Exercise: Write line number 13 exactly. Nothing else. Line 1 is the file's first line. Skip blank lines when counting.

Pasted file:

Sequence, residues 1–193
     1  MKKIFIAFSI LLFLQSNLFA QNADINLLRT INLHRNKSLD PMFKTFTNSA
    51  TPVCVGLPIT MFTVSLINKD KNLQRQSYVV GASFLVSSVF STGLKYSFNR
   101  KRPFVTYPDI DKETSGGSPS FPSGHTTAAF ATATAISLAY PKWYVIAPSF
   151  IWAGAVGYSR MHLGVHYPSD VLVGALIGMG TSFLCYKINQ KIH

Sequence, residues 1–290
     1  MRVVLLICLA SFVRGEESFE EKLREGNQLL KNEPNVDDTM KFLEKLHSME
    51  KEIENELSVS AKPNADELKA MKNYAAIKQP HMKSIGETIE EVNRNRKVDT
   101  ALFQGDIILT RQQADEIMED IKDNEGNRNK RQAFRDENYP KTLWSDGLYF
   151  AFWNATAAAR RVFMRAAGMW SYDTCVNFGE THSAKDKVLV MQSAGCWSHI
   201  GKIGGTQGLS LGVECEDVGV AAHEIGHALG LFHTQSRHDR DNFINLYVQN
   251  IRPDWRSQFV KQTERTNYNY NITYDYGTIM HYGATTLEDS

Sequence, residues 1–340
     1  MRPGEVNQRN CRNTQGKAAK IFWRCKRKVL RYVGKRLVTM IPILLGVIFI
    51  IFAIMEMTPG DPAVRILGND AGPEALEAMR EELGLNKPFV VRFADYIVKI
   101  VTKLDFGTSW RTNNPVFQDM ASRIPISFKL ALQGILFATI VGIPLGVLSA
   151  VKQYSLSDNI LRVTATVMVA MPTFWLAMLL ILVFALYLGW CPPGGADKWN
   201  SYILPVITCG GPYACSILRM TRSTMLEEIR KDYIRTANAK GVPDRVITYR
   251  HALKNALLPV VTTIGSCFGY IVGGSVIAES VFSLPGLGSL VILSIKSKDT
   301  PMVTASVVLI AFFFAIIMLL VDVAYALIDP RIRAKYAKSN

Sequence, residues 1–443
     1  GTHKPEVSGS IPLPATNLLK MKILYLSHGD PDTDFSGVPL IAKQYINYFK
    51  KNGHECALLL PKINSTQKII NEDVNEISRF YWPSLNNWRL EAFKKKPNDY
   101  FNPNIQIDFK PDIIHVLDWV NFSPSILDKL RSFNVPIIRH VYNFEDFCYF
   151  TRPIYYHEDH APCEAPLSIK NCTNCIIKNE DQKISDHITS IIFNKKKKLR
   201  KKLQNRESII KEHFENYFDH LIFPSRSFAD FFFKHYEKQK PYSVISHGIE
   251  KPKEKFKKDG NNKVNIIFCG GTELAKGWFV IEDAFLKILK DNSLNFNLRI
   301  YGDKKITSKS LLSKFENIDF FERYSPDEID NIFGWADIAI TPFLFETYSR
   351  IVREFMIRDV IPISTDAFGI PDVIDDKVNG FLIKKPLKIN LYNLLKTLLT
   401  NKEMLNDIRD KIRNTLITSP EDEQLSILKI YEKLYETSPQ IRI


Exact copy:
Sequence, residues 1–340